Harold Reynolds


- Know the tendencies of the pitcher. Know what kind of move the pitcher has and when he is most likely to use his best pick-off move.
- Know the catcher. Different catchers have different arm strengths, and different patterns. Some catchers love to throw behind the runner, picking them off first.
- Know the game situation – the score, the inning, who's at the plate, who's on deck, what the count is, how the dynamic of the game is changed if you steal second or third.
- Have no fear. It is better to be picked off first than thrown out at second. The odds of being picked off first because your lead is too aggressive are far less than the odds of being thrown out at second if your lead is too conservative.

Stretching a Double into a Triple

- Triples are achieved as soon as you leave the batter's box. If you're not aggressive right out of the batter's box, you won't make it.
- Don't worry about the third-base coach. Unless the ball is rattling around in the right-field corner, you have a better view of the ball than the third-base coach.
- Know the position of the fielders, their arm strength, and their tendencies.


- Play defense with your feet. Try to get in front of everything.
- Don't be afraid of the ball. Play the ball, don't let it play you.
- Read the hops. It's like reading a book - the more you read, the more you know. The same is true with fielding a ball. The more hops you can read, the more you know and understand the movement of the ball.

Alvin Davis


- Keep your eye on the ball. Pick up the ball as soon as you can out of the pitcher's hand.
- Anticipate the type of pitch you might expect in each situation.
- Hitting is mostly mental. The one who executes his game plan is the one who comes out on top.
- Use the on-deck circle for mental preparation as well as physical. The hitting situation changes from pitch to pitch. You might be called on to sacrifice, hit behind a runner, put the ball in the air, or drive a single. Be mentally ready before you step into the batter's box.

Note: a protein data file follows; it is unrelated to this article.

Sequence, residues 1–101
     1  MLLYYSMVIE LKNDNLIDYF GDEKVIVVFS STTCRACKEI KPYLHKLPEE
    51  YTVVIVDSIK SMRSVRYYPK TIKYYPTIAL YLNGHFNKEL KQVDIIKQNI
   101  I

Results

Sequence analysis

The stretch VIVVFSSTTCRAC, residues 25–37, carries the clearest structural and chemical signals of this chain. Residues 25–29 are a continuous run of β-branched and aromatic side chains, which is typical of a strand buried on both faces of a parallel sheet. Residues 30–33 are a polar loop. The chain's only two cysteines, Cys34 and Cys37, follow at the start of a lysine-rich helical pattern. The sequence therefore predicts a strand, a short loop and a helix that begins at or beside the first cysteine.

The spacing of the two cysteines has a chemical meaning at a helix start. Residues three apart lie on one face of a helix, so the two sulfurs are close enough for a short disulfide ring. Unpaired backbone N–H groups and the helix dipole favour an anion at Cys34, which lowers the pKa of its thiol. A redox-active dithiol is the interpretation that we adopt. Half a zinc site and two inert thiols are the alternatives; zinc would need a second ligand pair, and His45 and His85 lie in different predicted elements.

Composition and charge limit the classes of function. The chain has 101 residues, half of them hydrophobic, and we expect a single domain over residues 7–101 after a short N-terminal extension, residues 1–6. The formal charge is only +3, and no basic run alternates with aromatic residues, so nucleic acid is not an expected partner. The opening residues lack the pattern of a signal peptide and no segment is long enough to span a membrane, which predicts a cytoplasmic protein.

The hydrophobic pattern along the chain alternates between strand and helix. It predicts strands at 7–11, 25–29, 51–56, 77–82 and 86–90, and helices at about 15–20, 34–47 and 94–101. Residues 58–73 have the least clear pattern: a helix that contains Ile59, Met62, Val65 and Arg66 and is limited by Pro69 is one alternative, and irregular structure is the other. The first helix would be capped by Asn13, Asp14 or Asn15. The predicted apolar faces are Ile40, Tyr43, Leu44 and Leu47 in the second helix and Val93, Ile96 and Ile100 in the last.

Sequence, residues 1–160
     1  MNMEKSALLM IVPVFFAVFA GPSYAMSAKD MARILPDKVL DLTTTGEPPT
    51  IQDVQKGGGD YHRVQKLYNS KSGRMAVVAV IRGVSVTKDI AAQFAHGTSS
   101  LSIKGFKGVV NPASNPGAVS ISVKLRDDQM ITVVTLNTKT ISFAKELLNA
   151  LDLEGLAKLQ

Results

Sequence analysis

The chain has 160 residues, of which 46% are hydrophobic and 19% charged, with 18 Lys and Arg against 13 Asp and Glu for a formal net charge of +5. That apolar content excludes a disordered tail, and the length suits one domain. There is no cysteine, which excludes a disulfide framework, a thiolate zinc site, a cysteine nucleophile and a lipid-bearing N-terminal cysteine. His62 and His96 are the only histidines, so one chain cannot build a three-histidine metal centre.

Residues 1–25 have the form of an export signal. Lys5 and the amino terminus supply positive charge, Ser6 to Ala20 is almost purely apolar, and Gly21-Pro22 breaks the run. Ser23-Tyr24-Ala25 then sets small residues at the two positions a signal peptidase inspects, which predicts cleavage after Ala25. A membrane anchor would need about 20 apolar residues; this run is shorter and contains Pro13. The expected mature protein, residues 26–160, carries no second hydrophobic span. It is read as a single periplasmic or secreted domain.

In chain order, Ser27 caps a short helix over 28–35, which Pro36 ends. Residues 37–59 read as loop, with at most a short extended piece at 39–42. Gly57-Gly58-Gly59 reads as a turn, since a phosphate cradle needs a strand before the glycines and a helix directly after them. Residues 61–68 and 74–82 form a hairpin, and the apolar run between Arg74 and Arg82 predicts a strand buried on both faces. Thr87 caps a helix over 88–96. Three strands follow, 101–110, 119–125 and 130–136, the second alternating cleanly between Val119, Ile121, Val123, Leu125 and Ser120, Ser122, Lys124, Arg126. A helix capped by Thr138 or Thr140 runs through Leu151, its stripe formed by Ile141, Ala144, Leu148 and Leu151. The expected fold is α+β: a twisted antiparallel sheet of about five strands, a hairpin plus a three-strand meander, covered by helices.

- Share information with your teammates. Hitting is nine on one. A pitcher may use a certain pattern of attack for each hitter, and knowing that pattern gives you an advantage.

Dealing With a Slump.

- There are two kinds of slumps – physical and mental. The physical slump is due to injury – a sore hand or rib that lengthens the swing. The mental slump is a lack of confidence, sometimes brought on by failure experienced because of injury.
- To correct a mental slump, restore confidence in your ability and swing. Confidence is the result of two things: hard work and success.
- Spend time in the batting cage, working your way out of a slump. Visualize your success while in the batting cage.
- If possible, compare tapes of your successful swings with your slump swings. Sometimes you can detect a swing flaw on tape.

Being a Professional

- Carry yourself in a professional manner no matter what league or situation you are in.
- Act in a manner worthy of who you are and what you do.
- Develop strong character, and understand the privilege of being a ball-player.